Human beings are all the limbs of a single body

Created of the same essence

When there is a pain in any of the limbs

All the other limbs get restless

One who shows indifference to the sufferings of others

Is undeserving of the name, human being

Sa‘adi is that part of my country and culture that is a window, explains translator Alireza Taghdarreh of the enduring poem's author. He is one of our history's greatest poets.


As a young man, Sa‘adi left home to pursue an education, and he spent the next thirty years displaced by foreign invasion. It's said he dug trenches as a prisoner, embarked on pilgrimages, and talked late into the night with all manner of people: merchants, farmers, wayfarers, thieves and mendicants. The Bani Adam is included in Gulistan, a work known in English as The Rose Garden and completed about 1259, after Sa‘adi's return to his native city of Shiraz.


Manuscript copy of Gulistan, 1585. University Library of Bratislava, Slovakia. Image: World Digital Library.


Q. How to read an existence marked by indifference?

A. What if the rings were to enter us?

In 1935, a long-lived poet named Léopold Sédar Senghor began his first teaching post at the Lycée Descartes in Tours, the same school Yves Bonnefoy attended as a boy.


Léopold Sédar Senghor pictured with his sixth grade class at the Lycée Descartes, Tours. Photo courtesy of the Lycée Descartes.


I do not know if the two poets are pictured here together, but in the fall of 1935, Bonnefoy would have been 12 years old, roughly the same age as Senghor's students. I do know that the young instructor who became a celebrated humanitarian leader spent many hours walking the paths of the Jardin des Prébendes. I know this because in the summer of 2013, I saw his presence still there:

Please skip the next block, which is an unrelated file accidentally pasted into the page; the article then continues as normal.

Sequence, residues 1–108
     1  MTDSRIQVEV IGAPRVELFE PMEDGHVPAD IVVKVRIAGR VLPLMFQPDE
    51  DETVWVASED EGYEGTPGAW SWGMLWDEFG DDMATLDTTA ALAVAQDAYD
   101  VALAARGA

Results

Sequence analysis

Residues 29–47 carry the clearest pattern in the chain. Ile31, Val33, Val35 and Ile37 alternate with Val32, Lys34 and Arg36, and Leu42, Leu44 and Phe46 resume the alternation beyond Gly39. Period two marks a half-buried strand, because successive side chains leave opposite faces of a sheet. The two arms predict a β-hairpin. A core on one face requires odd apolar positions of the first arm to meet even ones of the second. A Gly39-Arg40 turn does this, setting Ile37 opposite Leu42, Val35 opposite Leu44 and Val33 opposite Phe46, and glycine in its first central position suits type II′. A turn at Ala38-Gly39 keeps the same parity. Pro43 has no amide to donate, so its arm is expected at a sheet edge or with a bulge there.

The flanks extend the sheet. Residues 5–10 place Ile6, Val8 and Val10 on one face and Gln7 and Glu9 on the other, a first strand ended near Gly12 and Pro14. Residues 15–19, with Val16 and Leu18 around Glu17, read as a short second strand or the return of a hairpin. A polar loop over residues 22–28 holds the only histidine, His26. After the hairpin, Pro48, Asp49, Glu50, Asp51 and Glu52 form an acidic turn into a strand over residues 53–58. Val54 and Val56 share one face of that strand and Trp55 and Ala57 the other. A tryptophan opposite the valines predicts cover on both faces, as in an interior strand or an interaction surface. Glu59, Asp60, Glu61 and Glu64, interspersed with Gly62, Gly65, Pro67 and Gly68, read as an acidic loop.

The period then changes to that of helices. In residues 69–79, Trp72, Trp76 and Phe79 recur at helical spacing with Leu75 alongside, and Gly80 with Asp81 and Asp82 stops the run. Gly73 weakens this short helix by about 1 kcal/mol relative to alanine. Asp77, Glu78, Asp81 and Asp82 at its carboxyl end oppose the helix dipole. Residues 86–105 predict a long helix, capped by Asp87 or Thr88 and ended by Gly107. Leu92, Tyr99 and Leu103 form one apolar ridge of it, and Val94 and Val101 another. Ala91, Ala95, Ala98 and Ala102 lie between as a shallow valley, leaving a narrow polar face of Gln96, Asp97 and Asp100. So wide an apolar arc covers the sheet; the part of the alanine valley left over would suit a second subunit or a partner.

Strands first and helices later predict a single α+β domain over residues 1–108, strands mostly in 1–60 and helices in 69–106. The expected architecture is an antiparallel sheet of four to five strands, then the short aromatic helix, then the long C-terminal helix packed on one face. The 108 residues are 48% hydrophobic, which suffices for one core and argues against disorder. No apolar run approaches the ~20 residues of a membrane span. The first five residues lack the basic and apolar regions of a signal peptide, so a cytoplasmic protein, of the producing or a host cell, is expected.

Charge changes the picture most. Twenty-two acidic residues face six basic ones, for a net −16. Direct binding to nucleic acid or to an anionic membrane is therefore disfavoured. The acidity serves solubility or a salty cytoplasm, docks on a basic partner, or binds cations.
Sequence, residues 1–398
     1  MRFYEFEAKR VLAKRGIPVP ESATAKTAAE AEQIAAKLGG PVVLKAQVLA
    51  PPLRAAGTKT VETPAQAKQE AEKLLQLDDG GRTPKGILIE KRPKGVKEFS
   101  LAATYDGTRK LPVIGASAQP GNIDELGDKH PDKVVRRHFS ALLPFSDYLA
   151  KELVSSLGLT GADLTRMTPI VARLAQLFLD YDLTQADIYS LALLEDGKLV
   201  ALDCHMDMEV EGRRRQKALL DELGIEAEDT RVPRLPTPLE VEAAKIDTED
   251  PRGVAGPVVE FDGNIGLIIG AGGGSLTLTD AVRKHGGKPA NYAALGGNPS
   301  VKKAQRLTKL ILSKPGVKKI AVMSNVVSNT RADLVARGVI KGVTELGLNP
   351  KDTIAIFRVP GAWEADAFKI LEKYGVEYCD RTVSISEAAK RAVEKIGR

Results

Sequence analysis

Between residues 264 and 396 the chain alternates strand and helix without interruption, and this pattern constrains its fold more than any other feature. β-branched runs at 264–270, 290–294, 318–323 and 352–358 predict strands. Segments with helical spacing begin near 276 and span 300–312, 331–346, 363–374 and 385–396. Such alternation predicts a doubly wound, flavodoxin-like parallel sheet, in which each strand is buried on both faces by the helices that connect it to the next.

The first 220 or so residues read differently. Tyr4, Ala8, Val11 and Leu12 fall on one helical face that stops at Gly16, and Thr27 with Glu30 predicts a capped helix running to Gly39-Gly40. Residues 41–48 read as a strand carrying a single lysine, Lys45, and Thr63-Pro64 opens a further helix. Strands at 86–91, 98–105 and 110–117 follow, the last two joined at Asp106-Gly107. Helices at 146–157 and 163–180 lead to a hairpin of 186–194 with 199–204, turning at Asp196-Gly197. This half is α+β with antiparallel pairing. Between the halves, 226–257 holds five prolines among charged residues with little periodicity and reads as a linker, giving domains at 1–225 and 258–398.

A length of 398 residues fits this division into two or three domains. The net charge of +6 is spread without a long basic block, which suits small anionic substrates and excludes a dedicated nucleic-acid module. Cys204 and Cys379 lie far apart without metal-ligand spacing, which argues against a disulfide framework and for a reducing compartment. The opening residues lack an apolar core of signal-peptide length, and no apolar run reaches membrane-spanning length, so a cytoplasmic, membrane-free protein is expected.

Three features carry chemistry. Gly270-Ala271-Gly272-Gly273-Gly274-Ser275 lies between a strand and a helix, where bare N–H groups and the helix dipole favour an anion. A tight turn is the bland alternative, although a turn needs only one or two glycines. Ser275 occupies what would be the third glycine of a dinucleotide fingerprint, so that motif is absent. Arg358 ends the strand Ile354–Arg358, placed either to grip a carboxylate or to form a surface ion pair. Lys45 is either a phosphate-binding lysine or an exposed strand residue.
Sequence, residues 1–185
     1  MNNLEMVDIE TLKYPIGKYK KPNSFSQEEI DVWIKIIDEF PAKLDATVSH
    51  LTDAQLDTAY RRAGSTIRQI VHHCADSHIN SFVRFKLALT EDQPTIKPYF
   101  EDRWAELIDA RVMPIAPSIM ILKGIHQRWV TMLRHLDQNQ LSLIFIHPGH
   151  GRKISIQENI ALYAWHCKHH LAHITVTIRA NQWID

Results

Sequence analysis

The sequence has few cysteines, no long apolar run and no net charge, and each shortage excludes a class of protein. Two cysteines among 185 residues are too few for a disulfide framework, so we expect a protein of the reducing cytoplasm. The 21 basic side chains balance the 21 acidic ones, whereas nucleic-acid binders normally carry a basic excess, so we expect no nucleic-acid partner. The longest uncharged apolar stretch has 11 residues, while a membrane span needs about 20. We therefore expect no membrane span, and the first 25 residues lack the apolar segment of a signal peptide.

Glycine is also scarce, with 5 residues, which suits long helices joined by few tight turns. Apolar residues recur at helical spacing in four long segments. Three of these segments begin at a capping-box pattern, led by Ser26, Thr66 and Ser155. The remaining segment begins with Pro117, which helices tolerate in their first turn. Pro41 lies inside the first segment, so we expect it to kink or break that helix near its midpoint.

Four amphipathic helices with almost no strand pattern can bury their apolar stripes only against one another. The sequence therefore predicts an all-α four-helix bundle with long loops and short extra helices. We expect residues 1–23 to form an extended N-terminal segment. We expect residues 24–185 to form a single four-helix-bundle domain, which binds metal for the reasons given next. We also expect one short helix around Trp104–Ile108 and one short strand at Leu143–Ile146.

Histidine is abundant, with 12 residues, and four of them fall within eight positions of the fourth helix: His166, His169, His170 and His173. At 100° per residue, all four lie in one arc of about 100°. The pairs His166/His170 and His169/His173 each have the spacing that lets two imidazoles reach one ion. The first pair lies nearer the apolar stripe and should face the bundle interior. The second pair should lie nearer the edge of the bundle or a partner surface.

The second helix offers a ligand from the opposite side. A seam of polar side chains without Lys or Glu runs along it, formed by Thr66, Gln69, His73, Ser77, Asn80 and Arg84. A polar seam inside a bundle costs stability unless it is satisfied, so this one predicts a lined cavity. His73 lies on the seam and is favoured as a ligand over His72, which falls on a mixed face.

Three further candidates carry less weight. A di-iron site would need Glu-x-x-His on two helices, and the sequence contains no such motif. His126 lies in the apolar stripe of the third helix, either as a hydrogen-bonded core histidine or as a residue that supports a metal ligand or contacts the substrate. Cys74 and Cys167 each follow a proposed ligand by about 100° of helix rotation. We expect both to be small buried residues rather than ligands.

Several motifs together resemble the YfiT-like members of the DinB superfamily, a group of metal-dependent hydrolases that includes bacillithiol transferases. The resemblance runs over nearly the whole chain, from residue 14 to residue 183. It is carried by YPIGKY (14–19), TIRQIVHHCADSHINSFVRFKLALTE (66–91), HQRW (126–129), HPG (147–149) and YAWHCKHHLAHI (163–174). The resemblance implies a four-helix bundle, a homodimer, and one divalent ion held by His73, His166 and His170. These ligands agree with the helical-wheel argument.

Bronze portrait of Léopold Sédar Senghor in the Jardin des Prébendes. Michel Audiard, 2007. Photo: Guillame Cingal.


In 1960, Senghor returned to the Senegal of his birth to serve as its first president during the first two decades of its independence, but in the years from 1940 to 1942, the former sixth grade teacher was a prisoner of war, during which it's said, he spent most of his time writing poems:

Jardin des Prébendes

Tu m’as touché l’épaule

Comme je passais le long de tes grilles vertes,

Indifférent . . .

C'est aujourd'hui que tu m'es ami

En cet après-midi d'octobre

Garden of Prébendes

You have touched my shoulder

As I passed along your green latticework,

Indifferent . . .

It is today that you are my friend

Inside this October afternoon

Q. What if an existence were ringed with injury? How would we read it then?

A. What if we looked to the sky?


In December of 1929, the astronomer who became a dendrochronologist published an article in National Geographic titled "Secrets of the Southwest Solved by Talkative Tree Rings." The article detailed A.E. Douglass's work using tree-ring dating to determine the age of ancient cliff dwelling ruins, including those at Canyon de Chelly and Mesa Verde. Among the mysteries revealed: a log whose ring count showed that it was cut in 1073.


Mesa Verde National Park, Colorado. National Geographic Magazine, 1929. Photo: Charles Martin.


In 1937, Douglass established the Laboratory of Tree-Ring Research, sheltered under the University of Arizona's football stadium until 2013, when it finally settled into to its permanent home, a building designed like a tree. On the ground floor, ten feet in diameter, you can see the cross-section of the 2,000-year-old giant sequoia transported from California all those years ago. Of the scientist who read sun spot cycles in its rings, it's said Craters on the moon and on Mars are named in his honor.


A.E. Douglass pictured in Room 230 of the West Stadium, University of Arizona, 1946.


In the centuries after the cliff dwellings were built, and sometime after Sa‘adi's death in 1291, medieval physicians were known to have made their rounds with small, folded books suspended from their belts. Such a book — called a vade mecum, Latin for goes with me — contained a compressed store of medical, calendrical, and astrological information used to diagnose and treat human maladies in accordance with the cosmos and natural elements.